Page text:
Review Summary: Stump thinks his name is Malmsteen.3 of 3 thought this review was well written
Joe Stump is playing a joke on us all. Basically what this guy is doing is he's trying his very hardest to be Yngwie Malmsteen, at the expense of anyone who bravely picks up one of his albums. Malmsteen plays a cream-colored Strat, so does Stump. Malmsteen is famous for his relentless wanking, so Stump wanks in similar fashion, while perfectly mimicking Malmsteen's sound & style. Malmsteen adores Ferrari's, so as you could've guessed, Stump has a thing for exotic cars too [although he can't get his hands on a Ferrari, so he is forced to work with lesser means of luxury (pic under comments)]. In fact, this man is so proficient in stealing identities, that while writing this review, I nearly forgot I was listening to an imposter, and not the real Malmsteen altogether.
For 1 hour, 9 minutes, and 1 second, Joe plays the same thing over and over and over again; if one can even sense the subtle variations between songs, they are barely noticeable. Everything from the guitar tone all the way down to the backing drums are identical to a vintage Malmsteen record. If it wasn't bad enough, Stump can't even match the "feel" of Malmsteen, who in the minds of many guitarists, is classified as being deficient in the "feel" department himself. The only other significant difference I can come up with for separating the virtuosos is that Malmsteen was doing this back in the 80's, while Joe Stump is redoing it in 2004.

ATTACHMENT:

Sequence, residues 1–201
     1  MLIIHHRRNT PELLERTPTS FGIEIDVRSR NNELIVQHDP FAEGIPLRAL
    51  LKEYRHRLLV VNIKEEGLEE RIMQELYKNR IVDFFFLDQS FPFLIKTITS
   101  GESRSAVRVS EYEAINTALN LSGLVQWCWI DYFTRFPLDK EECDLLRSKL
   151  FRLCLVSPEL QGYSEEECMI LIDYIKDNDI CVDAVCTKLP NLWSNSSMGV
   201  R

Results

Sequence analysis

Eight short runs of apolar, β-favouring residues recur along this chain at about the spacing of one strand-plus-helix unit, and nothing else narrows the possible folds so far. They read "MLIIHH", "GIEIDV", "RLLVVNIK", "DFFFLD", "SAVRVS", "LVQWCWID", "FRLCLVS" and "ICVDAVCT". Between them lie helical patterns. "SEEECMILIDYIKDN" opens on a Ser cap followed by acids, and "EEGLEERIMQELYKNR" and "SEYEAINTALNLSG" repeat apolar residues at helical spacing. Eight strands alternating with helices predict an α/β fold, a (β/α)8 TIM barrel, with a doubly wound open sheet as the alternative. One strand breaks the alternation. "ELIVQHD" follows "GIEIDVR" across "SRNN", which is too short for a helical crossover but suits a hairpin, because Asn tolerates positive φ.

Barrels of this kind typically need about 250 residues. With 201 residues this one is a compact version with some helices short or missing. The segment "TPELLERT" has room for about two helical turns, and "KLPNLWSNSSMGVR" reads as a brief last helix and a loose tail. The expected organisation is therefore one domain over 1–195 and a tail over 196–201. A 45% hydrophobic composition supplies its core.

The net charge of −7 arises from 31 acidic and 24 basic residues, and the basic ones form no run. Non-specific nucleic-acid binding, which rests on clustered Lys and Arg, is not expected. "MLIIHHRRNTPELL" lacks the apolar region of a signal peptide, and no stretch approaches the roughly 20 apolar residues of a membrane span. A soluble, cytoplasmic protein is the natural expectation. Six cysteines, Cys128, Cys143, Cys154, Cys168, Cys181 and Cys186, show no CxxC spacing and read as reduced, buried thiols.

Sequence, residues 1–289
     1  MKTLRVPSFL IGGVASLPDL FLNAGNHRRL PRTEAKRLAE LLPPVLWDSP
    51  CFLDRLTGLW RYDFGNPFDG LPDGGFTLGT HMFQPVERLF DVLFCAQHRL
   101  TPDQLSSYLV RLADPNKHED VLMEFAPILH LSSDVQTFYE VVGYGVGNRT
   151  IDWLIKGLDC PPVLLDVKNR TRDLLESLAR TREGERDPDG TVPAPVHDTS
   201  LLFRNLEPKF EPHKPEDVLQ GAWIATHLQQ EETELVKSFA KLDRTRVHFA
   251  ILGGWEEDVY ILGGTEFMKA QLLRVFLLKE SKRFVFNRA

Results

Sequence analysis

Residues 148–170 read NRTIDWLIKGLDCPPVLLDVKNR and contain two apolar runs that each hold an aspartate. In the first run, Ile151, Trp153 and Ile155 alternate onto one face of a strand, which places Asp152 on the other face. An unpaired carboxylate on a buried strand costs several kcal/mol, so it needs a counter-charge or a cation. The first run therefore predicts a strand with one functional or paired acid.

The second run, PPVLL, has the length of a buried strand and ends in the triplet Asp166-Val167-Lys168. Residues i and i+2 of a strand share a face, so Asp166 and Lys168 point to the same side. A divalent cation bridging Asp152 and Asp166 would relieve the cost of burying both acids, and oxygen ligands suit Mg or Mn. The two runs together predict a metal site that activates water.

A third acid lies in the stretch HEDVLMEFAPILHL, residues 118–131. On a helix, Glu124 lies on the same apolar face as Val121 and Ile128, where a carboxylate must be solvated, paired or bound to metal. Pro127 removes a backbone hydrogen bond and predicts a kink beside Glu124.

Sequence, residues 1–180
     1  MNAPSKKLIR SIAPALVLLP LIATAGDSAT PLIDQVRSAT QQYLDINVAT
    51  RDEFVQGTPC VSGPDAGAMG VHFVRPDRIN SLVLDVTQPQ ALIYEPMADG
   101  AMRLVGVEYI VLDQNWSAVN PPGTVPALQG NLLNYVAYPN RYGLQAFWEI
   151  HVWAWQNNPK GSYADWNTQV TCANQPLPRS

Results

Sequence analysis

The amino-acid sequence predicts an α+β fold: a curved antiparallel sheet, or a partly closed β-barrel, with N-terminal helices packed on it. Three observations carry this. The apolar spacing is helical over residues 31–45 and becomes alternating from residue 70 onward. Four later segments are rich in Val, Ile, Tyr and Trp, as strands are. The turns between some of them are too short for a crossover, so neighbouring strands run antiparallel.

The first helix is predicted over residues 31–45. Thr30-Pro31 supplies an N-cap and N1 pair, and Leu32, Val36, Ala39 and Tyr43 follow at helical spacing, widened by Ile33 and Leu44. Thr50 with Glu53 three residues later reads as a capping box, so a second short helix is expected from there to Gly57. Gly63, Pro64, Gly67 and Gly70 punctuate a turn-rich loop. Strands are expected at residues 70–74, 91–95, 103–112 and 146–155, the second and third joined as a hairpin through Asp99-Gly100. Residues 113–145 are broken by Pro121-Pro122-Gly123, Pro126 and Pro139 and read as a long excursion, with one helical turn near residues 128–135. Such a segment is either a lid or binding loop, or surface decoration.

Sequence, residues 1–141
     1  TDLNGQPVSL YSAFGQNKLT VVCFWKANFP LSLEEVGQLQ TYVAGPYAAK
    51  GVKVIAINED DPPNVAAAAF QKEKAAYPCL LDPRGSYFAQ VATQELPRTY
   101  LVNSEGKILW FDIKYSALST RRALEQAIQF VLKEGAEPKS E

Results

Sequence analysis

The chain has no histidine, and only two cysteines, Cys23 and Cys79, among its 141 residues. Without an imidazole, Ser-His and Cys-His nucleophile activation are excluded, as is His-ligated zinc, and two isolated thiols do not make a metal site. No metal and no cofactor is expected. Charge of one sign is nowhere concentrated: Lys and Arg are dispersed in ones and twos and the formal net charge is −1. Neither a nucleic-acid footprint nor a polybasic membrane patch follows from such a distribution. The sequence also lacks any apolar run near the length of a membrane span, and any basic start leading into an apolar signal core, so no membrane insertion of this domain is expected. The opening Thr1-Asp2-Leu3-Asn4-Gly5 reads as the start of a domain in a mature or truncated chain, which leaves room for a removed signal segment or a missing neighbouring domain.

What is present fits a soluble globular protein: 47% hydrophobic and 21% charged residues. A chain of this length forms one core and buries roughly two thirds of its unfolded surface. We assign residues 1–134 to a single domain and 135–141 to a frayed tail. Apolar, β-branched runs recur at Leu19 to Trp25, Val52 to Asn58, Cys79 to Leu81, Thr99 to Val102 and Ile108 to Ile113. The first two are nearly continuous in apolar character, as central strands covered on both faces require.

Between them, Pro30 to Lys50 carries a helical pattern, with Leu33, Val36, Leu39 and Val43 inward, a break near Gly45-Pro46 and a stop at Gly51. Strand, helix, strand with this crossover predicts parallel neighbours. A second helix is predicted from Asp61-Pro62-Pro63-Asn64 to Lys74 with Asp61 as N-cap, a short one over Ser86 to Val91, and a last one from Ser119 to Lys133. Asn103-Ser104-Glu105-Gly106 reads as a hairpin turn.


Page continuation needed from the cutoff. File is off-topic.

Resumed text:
If you've ever heard Yngwie Malmsteen shred, consider yourself having heard Speed Metal Messiah
in it's entirety. The album is so painstakingly monotonous and uninspired that I began loathing it 2-3 songs in. So, if you fancy bland shredding, you may enjoy this album; but more likely than not, you still won't like it. It's a shame because Joe Stump is without question very proficient technically, and would likely be more than capable of creating decent records if he took Yngwie's balls out of his mouth and at least tried to develop his own personality and playing style. Oh yeah, Malmsteen is still much better, too.